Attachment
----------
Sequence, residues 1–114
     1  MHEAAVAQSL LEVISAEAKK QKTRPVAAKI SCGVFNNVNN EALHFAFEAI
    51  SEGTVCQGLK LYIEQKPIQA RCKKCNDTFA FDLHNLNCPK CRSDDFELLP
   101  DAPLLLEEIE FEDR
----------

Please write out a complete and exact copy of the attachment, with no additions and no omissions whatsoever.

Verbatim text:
Sequence, residues 1–114
     1  MHEAAVAQSL LEVISAEAKK QKTRPVAAKI SCGVFNNVNN EALHFAFEAI
    51  SEGTVCQGLK LYIEQKPIQA RCKKCNDTFA FDLHNLNCPK CRSDDFELLP
   101  DAPLLLEEIE FEDR